micro-managers the good the bad and how not to be the ugly shannon cassidy bridge between photo

Micro-Managers – The Good, The Bad and How Not To Be The Ugly

In 1966, Clint Eastwood starred in a movie titled “The Good, the Bad and the Ugly.” This spaghetti western told the story of three men searching for gold. The last scene is a famous three-way shootout, leaving the Good (Clint Eastwood) alive, the Bad dead and the Ugly barely surviving. In the world of business, we often encounter good, bad and ugly leaders. Many times these leaders are micro-managers. Is being a micro-manager a horrible attribute in a manager or not? Let’s take a look at micro-managers and how this complex characteristic can be good, bad or ugly.

The Good:

Few corporate executives aspire to be micro-managers. The ideal leader is supposed to be a great delegator and motivator, not someone who tries to control every aspect of their employee’s work.

However, a CEO who is a micro-manager has the ability to plow down obstacles and force uncooperative team members to take on challenges that drive the value of the product or service. Steve Jobs was famous for pushing his engineers past the bounds of what most considered reasonable—and getting great results from it. Walt Disney was a well-known micro-manager who obsessed over every detail of every ride design at his theme parks. This did not make him popular with his employees, but the end result was and is stellar.

To be an effective micro-manager, a leader must have a clear vision for success and how to achieve it. That leader must also be courageous and confident. If a plan fails, the buck stops at the micro-manager’s desk. Sam Walton of Wal-Mart and William Rosenberg of Dunkin Donuts were well-known micro-managers who spent a large part of their time visiting stores to make sure their products were of the best quality. The “Good” micro-managers above were all visionaries for their companies. Their passion for their businesses drove their desire for accomplishment. With that same kind of intense commitment, a micro-manager can propel a company to success. “Good” micro-managers can be an asset.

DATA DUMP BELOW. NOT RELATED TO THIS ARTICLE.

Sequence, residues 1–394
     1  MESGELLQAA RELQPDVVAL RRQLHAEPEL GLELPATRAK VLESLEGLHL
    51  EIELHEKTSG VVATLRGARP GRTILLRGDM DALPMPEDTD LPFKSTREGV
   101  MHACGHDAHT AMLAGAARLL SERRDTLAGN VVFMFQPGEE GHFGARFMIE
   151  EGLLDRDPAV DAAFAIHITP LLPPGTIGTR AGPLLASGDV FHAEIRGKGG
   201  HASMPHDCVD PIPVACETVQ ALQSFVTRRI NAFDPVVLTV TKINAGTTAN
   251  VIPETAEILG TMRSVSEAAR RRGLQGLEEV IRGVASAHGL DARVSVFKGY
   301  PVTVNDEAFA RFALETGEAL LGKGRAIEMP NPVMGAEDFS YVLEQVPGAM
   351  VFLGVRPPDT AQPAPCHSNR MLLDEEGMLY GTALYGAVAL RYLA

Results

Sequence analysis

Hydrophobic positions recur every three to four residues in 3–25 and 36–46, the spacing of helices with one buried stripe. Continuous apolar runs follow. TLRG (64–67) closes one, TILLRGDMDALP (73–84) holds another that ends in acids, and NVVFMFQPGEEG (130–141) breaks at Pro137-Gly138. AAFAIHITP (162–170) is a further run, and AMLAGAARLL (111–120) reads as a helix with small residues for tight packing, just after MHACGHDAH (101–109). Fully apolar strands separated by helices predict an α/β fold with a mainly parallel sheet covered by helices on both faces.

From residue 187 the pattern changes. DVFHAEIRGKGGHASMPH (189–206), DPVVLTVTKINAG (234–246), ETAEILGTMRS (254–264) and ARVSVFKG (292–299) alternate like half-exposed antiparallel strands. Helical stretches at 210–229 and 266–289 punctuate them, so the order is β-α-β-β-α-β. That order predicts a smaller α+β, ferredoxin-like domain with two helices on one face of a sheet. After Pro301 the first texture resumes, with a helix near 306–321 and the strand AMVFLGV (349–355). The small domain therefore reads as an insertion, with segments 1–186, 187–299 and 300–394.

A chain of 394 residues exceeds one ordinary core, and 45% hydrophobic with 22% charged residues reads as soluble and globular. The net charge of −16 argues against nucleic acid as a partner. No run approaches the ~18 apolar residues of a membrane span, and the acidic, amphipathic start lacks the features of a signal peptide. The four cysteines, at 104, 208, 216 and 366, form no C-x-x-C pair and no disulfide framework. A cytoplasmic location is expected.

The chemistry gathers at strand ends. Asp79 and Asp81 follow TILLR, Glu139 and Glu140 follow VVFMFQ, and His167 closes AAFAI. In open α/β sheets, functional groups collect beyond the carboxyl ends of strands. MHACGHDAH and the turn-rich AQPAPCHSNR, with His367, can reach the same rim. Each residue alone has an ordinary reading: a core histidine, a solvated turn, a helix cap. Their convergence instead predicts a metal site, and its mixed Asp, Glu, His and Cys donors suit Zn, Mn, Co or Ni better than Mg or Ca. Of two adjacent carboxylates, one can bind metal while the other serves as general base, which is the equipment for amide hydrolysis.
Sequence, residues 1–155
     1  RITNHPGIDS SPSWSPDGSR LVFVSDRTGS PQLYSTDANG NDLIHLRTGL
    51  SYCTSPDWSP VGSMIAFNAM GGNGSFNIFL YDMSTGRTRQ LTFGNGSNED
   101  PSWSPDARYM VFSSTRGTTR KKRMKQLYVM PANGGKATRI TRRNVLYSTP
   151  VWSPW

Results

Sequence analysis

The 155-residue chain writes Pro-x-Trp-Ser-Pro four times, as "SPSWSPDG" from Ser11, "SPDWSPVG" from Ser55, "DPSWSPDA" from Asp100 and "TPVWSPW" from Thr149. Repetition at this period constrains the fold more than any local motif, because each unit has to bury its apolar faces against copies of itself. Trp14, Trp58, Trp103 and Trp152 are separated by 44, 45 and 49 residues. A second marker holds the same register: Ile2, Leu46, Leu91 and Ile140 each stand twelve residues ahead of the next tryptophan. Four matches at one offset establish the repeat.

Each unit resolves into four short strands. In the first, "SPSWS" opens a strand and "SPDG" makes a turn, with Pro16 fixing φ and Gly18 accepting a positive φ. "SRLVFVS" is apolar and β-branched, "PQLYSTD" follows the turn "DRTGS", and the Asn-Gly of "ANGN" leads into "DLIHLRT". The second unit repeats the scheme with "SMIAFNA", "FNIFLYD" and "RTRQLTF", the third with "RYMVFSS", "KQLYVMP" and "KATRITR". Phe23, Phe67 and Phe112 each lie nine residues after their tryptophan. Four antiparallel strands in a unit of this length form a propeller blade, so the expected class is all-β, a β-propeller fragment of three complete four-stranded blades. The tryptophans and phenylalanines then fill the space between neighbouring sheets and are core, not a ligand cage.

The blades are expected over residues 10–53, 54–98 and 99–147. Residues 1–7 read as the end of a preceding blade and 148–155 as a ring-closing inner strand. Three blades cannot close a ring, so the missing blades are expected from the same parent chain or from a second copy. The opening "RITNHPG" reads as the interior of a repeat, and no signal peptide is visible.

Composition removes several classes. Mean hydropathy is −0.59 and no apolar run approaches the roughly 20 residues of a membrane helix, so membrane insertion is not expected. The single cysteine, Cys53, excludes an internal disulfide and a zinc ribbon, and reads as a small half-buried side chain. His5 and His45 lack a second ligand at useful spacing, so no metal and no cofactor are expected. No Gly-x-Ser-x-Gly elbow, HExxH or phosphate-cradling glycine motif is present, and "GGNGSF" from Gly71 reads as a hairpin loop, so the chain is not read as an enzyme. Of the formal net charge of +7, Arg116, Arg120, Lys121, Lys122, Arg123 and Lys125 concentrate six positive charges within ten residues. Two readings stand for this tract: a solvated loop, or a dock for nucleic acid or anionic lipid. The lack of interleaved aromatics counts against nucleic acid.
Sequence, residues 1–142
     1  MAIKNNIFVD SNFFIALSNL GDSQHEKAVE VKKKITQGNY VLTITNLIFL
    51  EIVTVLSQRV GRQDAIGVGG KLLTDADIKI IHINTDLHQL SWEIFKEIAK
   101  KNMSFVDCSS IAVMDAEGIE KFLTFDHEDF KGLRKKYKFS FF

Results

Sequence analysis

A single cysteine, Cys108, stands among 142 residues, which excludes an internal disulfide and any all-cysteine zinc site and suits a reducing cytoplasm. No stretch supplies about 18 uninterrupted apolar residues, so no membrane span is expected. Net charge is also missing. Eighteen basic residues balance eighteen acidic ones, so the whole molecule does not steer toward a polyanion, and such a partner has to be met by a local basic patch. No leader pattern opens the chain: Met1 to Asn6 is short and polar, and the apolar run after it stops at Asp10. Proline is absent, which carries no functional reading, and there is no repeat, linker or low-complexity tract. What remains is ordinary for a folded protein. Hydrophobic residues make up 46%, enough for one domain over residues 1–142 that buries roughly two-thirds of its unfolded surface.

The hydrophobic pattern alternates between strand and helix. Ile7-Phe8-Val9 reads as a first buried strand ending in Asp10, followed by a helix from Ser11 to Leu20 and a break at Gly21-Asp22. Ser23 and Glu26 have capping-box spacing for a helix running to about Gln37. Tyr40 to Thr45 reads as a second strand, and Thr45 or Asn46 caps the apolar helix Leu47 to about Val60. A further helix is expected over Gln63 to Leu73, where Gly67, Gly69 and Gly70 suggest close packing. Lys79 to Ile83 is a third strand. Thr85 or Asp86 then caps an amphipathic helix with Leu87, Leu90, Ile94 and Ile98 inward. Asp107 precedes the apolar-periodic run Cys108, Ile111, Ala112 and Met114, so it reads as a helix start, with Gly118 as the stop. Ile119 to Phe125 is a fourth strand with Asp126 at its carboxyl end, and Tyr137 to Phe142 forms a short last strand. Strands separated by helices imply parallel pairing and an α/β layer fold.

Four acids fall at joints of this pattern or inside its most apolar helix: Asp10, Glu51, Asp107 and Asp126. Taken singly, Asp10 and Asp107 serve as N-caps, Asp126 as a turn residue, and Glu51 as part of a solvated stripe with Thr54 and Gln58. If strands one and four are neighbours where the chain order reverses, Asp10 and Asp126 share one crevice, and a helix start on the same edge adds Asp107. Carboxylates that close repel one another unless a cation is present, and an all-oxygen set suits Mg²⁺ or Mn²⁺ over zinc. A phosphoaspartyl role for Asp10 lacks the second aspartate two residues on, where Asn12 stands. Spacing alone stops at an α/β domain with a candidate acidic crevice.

The Bad:

Unfortunately, micro-managers are usually seen as “Bad.” While they can be assets, micro-managers obsessively control and bring tension and frustration to their companies. If you are a leader with this style, you might sometimes feel driven to push everyone around you to succeed, but often it’s at the cost of your colleagues’ confidence.

You might be a “Bad” micro-manager if you:

  • Resist delegating
  • Correct tiny details instead of looking at the big picture
  • Discourage others from making decisions without consulting you
  • Ask for frequent updates on where things stand
  • Prefer to be cc’d on emails
  • Are never satisfied with anyone’s work

If you find that micro-managing is part of your style of leadership but is negatively affecting your company and the people you lead, change is possible.

 How Not To Be the Ugly:

Commit to hiring the right people. Look for employees that are accountable for their work. Screen possible additions to your team to see if they proactively seek information and feedback. Hire team players that are clear on the company’s goals and are able to articulate it back to you. If you create an extensive hiring process, you will be able to more easily trust your employees, and thus cutting the need to micro-manage.

Clearly and frequently communicate expectations. If your team doesn’t know what you expect, they will not give it to you. Communication is important so that you do not have to control what others might or might not be doing. Set consistent times for this type of communication. For instance, on a certain project set a meeting once every month to make sure everyone is on the same page. Be careful not to treat your team like children who need to be told the rules again and again.

Listen. Great leaders are masters at listening to their team members. Micro-managers often fail to listen to their employees, arrogantly believing they know best in all circumstances. The people you work with have important insights and ideas. If you don’t listen, they will feel disengaged and their work will suffer. If you choose to listen, you will create an atmosphere where your employees feel that they are valued contributors.


As a leader, you have the responsibility to root out the bad micro-managing, fix the ugly and encourage the good. Prevent a three-way shoot-out: address the micro-managing in yourself and others directly. By doing so, you will find the gold in your company.






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